The long awaited decision has finally been announced: Massachusetts joins New Hampshire and Maine in breaking with the tradition of “getting a GED” by choosing the Educational Testing Service’s (ETS) High School Equivalency Test (HiSET) to obtain a high school credential. Starting in January 2014, HiSET will be available as a paper based test in addition to a computer based version. It will also cover the same five test areas (Language Arts Reading, Language Arts Writing, Mathematics, Science and Social Studies) in the same format as the prior GED. This is a very positive choice for adult education because HiSET will gradually move toward the Common Core State Standards (CCSS) as high schools make the change.
The Phase 1 HiSET assessment, launching in January 2014, will be compatible with current instructional materials used for high school equivalency assessment, and as a result, the 2014 test will look very familiar to current students. ETS has indicated all Phase 1 items are aligned to CCSS, although not all of the CCSS will be covered by the Phase 1 assessment. As states and adult education programs adopt, implement and set standards based on the CCSS over the next few years, the HiSET assessment will evolve to reflect those changes.
Additionally, according to the ETS, the Next Generation Science Standards present significant challenges for those who will develop assessments to measure the kinds of testing it describes. As these standards are finalized and implemented, the HiSET program will develop and introduce new materials to reflect the changes. Finally, ETS plans to clearly communicate all changes with adequate time to prepare students.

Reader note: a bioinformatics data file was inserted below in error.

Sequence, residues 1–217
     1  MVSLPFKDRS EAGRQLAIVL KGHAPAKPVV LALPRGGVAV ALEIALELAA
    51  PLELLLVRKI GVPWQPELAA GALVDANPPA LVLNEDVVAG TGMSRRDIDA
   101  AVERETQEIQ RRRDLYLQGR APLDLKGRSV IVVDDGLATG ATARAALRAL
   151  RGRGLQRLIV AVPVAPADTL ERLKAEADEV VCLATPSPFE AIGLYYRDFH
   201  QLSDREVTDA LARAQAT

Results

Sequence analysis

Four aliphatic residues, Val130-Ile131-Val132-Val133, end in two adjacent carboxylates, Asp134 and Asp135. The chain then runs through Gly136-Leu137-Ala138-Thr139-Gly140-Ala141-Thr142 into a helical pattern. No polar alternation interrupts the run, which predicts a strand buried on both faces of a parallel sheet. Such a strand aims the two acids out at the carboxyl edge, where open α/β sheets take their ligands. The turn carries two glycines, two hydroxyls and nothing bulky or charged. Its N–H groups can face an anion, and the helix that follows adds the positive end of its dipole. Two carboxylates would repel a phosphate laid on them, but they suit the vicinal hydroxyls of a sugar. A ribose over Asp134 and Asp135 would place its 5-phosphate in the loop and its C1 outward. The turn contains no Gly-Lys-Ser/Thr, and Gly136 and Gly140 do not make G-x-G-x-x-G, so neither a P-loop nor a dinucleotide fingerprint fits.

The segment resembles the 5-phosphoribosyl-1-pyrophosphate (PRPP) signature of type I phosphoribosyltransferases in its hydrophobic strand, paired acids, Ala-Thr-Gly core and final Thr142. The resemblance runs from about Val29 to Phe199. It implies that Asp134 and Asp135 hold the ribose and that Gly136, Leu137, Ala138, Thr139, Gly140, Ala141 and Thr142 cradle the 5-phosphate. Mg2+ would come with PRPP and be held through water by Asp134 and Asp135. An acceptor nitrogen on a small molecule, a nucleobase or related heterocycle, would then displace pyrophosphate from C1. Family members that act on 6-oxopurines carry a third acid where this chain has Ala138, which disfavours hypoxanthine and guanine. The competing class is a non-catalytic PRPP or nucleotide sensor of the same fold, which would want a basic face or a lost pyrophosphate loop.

The selection of HiSET provides additional benefits that may be available for Massachusetts test takers. These benefits include an online portal so students can schedule test appointments, view their scores as soon as they are posted and get individual test reports with information on areas where they need to improve. Also, for the first time, test takers will see the essay score separately from the multiple choice section of the Writing test. Plus, if Massachusetts agrees, there is a possibility that the scores from previously completed GED tests will transfer. While these benefits are all available with HiSET, no information has been released yet to indicate that all of these benefits will be available in Massachusetts. Stay tuned for more information.
As a High School Equivalency Test instructor, I believe HiSET is a more fair approach to “raising the bar” than the GED Testing Service’s “giant leap.” For students, the gradual change means a smoother transition to the new test; for educators, it means we will have more tools and time to help our students achieve their high school equivalency goals. For additional information, please see the ETS HiSET website.